Chris Vermeulen 12:30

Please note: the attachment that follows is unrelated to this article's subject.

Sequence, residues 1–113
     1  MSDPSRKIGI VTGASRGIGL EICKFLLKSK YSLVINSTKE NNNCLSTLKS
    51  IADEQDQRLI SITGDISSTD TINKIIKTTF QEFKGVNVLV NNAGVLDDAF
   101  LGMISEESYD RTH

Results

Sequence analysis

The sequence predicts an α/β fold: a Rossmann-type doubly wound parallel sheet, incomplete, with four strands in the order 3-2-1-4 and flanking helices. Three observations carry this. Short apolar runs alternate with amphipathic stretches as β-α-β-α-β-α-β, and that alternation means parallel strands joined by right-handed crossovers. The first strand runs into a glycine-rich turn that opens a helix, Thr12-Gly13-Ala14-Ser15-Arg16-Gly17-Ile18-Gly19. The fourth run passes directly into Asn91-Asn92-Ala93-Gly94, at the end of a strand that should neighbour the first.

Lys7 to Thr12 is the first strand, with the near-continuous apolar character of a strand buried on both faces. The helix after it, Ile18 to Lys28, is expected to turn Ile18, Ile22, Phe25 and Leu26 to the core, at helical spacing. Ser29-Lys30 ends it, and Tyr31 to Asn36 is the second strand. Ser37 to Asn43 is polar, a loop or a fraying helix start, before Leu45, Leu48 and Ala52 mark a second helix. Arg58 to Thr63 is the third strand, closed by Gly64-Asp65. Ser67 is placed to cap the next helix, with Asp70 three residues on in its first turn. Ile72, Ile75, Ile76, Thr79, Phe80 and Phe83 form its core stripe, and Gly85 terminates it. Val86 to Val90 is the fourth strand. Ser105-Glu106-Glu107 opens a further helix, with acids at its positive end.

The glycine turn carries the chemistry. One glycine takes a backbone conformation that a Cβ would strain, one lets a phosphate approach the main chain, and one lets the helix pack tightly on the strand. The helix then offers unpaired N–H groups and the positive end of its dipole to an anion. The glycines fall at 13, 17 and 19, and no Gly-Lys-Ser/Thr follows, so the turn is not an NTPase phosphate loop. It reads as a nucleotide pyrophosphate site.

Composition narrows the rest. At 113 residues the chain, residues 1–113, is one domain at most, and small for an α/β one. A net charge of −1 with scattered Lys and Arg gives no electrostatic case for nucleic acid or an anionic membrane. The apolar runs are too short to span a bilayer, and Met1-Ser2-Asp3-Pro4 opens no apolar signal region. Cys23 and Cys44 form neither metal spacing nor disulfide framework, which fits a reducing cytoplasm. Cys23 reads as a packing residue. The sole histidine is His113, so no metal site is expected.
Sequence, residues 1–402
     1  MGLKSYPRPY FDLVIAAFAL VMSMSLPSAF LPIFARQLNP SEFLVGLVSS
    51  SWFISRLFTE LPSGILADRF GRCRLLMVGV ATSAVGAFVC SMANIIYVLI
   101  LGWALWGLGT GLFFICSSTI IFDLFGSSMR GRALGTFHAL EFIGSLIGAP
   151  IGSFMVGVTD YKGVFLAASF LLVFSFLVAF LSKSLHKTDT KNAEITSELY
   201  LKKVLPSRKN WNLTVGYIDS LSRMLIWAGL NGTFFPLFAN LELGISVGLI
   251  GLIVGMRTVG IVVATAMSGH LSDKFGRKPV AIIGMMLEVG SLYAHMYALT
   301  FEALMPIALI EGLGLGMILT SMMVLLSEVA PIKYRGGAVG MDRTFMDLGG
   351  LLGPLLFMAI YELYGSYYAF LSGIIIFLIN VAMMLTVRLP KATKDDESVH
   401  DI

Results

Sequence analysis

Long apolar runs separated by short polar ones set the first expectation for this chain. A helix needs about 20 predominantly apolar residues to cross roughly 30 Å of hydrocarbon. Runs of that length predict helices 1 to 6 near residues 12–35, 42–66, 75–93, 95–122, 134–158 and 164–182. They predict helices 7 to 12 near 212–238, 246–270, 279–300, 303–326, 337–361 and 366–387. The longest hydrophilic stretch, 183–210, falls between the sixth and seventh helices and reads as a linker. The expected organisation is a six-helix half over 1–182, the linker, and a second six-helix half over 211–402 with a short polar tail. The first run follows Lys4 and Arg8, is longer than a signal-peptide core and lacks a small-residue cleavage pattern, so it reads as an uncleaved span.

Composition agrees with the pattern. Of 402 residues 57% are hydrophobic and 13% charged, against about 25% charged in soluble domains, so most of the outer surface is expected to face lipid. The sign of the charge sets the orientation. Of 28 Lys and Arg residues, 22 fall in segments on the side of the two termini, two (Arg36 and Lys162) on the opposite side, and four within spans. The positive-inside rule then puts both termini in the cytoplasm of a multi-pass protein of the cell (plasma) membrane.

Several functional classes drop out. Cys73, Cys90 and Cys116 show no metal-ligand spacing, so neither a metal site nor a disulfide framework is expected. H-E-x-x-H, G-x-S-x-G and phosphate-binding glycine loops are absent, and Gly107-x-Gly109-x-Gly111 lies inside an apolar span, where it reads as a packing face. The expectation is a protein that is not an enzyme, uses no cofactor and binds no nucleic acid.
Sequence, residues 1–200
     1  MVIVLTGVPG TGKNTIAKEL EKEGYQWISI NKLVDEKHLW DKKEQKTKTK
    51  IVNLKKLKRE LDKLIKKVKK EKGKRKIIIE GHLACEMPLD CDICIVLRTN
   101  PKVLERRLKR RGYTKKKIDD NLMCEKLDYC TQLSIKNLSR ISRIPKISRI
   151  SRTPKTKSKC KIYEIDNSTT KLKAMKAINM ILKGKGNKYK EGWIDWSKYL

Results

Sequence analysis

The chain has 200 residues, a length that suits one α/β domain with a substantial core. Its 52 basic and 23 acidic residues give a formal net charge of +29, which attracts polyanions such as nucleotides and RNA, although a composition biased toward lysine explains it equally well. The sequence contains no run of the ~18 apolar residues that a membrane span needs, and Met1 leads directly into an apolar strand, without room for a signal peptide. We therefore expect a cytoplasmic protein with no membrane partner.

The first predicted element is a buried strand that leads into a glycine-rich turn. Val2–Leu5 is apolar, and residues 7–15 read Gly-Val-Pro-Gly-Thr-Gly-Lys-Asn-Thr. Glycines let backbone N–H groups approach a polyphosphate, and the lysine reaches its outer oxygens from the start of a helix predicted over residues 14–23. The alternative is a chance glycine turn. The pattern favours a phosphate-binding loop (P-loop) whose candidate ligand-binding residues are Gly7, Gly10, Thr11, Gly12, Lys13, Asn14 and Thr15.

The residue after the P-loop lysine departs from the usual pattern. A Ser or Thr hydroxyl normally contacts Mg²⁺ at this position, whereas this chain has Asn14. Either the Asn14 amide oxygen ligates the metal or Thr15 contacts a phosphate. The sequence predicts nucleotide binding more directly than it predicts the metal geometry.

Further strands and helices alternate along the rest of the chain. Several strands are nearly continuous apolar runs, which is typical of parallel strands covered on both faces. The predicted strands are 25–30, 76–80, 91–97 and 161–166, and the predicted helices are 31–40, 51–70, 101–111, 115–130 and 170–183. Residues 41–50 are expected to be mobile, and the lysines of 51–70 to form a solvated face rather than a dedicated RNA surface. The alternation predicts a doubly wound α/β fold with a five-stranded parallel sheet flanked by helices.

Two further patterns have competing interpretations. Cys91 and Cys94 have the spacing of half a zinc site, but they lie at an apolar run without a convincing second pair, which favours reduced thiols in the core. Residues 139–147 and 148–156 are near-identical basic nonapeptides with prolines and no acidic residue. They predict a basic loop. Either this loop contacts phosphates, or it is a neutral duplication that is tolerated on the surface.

Yeah. So to try and keep it I'll try and keep this fairly short. But you know, when I was 16 years old, I got my pilot's license. And I remember the day I arrived, my mom dropped me off at the airport. And the instructor says, Hey, Chris, you're doing your solo today, grab your stuff, head to the plane, I'll be in the control tower, here are the things you need to do. And I remember taking off from the runway, my heart pounding, I was like laughing, I was crying. I was singing a song. I mean, it was a dream come true. I love defying gravity. I always built in flew model airplanes when I was a kid as well. But I got up there and I was so emotional. I didn't know what to do. And I remember just finally snapping out of it and being like, okay, let's, let's fall back to the basics. Put my hand on my leg, I had a little checklist if you're a pilot, you know, there's a checklist for absolutely everything. And all I did is I went through that checklist, one thing at a time, you know, turning into the circuit, the radio calls, flaps down, you know, turning final all that stuff. And I remember landing on the ground and rolling out the instructors like Nelson he says, Chris, he's like, congratulations, you're a pilot. And that hit me at the age of 16. When it was all said and done, I realized that I had practiced the strategy, a system, I trusted it, and I followed it, I followed through on it. And that is how I kind of built everything going forward from businesses that I started and sold off and to my trading strategies. They're all systemized, I don't, I don't trade by the seat of my pants and go, Oh, this looks and feels good. And I like this today. And I love that I'm going to hold on to it, even though it's going down, you will catch me doing that I am rule based. It's all about following rules that are proven and following trends. And a good way of doing that is using technical analysis. And I learned back in the day when the 2000 tech bubble burst, you can buy companies that are growing actually quarter after quarter, some not related to the tech space back then. But the stock price was still literally get cut in half. And I realized fundamentals didn't work and I learned that technical analysis that if I follow price, then I can just identify when it is trending higher and I can get into a position to benefit from it. And if it's going down, I could benefit from that as well or find something different. And so I use technical analysis. You know, John Murphy's like The Godfather of technical analysis, he talks about all the different inter market analysis everything is related. If one asset class is going down, that money is coming out of that asset, that group of assets and moving into a different asset class. So if you understand all the different parts of the markets, if something's going down, it's going somewhere. So we take all this inter market analysis and find out is money moving to risk on assets, risk off assets, how, you know, I look at a lot of volume flows on the New York Stock Exchange to see if people are panic selling, if they're dumping on the bid or just buying at whatever price they can on the ask, I look at the put call ratio, look at what gold's doing utilities, all kinds of different things. And we can get a really good feel of not only if price is trending higher, but how much power and momentum is behind that, is there big money flowing into all kinds of things that support that, you know, stock market trend going up? Or is this just like a bounce in an emotional driven move by the masses, that's going to fizzle out, roll over and die. So that's kind of how I look at the markets I look at from a price perspective, I want to see if it's trending, I like to see sentiment using volume flows, the VIX put call ratio, also sentiment, I kind of look at how money is flowing to the different sectors, because that's telling us are they nervous, defensive or aggressive? And, you know, so I use a lot of different types of analysis, I don't just look at a bunch of indicators, which I think is a big fault that a lot of people do. Chart indicators are all based off price, pretty much. So really, you're just looking at price reanalyzed in a bunch of different ways. And that's why a lot of people get analysis paralysis. They're like, Oh, I got five indicators, saying it's a buy. But these three are saying it's a sell. And so every piece of data I use is a different type. It's time based, it's emotional, it's volume, it's, you know, price based. So all these things have to come together. And it tells us how strong or weak a signal is, which stock index, we should move into where we should take partial profits. There is a lot that goes into it, to identify these and be able to manage those positions.